The far more contentious issue of whether the UN will pay victims compensation remains unanswered. Lawyers at IJDH are currently awaiting US judges’ decision after the plaintiffs’ case was heard on 1 March 2016, before the United States Second Circuit Court of Appeals.
Lindstrom argued that UN immunity, as set out under the Convention on the Privileges and Immunities of the United Nations (1946), is breached by its failure to “make provisions for appropriate modes” of settling claims arising from its tortious – wrongful – acts.
There is, Lindstrom told IPS, “a very clear reciprocal obligation to ensure that there’s some other way of handling this.”
By contrast with other instances of malpractice, such as cases of sexual exploitation and abuse, “the cholera case is in many ways a huge outlier,” Lindstrom said, since the UN had hitherto refused to “come to the table” on this issue.
This public admission is therefore significant, but, as Lindstrom urges, the UN’s response is still shy of the recourse to justice that victims sorely need: the issuing of a public apology; a coherent plan to provide reparations; a genuine commitment to eradicating cholera in Haiti; and, finally, the establishment of a formal commission to process victims’ claims that will outlast this issue.
“It is heartbreaking that we have to pour so much energy into holding the UN to its own principles, but I think part of why it’s worthwhile, in addition to its supporting victims, is the fact that ultimately I think what we end up with is a stronger institution,” Lindstrom said.
The changed position from the office of the UN Secretary-General, as reported by Jonathan Katz in the New York Times, comes after the office received a draft report on cholera in Haiti from the Special Rapporteur on Extreme Poverty and Human Rights, New York University law professor Philip Alston, which is likely to be released in late September.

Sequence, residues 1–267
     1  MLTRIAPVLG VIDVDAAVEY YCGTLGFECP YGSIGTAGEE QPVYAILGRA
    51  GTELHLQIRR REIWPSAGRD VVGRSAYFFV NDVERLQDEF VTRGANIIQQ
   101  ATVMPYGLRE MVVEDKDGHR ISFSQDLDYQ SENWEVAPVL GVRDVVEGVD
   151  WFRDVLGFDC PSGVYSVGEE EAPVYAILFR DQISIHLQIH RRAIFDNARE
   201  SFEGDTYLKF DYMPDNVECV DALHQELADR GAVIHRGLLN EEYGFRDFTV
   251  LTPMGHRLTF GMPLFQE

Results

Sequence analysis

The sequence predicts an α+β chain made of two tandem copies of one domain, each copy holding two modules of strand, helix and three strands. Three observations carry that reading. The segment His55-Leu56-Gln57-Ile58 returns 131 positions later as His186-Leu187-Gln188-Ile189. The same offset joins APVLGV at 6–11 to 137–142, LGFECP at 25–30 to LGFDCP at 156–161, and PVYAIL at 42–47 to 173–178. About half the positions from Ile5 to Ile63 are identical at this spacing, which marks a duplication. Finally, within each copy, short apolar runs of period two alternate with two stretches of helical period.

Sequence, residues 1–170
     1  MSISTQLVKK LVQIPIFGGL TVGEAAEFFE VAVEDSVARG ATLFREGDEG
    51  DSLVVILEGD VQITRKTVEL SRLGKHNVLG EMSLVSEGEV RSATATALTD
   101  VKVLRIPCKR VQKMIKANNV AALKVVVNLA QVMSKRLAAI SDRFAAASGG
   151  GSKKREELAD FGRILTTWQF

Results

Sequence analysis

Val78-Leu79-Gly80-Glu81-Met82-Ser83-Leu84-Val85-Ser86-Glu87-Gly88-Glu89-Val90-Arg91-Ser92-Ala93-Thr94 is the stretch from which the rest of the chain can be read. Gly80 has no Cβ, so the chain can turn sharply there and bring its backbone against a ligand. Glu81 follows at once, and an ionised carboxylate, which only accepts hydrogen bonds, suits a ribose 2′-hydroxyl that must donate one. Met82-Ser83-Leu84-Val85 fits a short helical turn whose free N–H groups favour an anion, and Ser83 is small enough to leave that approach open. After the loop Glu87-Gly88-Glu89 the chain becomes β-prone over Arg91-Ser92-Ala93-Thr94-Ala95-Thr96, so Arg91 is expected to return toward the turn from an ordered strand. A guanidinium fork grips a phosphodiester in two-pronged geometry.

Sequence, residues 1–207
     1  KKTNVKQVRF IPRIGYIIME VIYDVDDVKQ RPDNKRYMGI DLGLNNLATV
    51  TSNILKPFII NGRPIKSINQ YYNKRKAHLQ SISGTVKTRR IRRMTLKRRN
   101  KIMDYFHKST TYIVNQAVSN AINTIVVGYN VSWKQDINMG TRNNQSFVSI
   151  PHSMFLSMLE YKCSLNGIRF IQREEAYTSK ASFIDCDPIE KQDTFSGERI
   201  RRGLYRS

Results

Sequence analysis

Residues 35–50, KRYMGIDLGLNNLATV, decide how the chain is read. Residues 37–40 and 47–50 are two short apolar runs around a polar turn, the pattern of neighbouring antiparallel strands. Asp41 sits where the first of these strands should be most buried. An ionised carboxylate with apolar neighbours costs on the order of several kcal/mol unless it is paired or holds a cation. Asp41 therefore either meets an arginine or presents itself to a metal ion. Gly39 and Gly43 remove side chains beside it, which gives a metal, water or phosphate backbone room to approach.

Should the UN be found responsible for paying compensation to cholera victims in Haiti, it is likely that UN member states will be responsible for footing the bill. As the biggest contributor to the UN’s budget, this burden would fall back on the United States, whose courts are currently considering the case.
US Senators, including Democrat Edward J. Markey and Republican Marco Rubio are among those calling for the UN to take responsibility.
In a statement issued Thursday, Markey, a member of the US Foreign Relations Committee said, “after nearly six years of denial, the UN’s admission of culpability in the deadly Haitian cholera outbreak is an important first step towards reinstating trust with the Haitian and global community.”
“But true accountability will only come with substantial assistance from the United Nations to support the development of solutions that prevent disease transmission and provide treatment for the thousands of people suffering from this deadly scourge.”
Update: On Thursday 18 August the United States Court of Appeals for the Second Circuit upheld the immunity of the UN from legal proceedings in the case of Georges et al v. United Nations et. al (the Haiti Cholera case) in accordance with the UN Charter and other international treaties.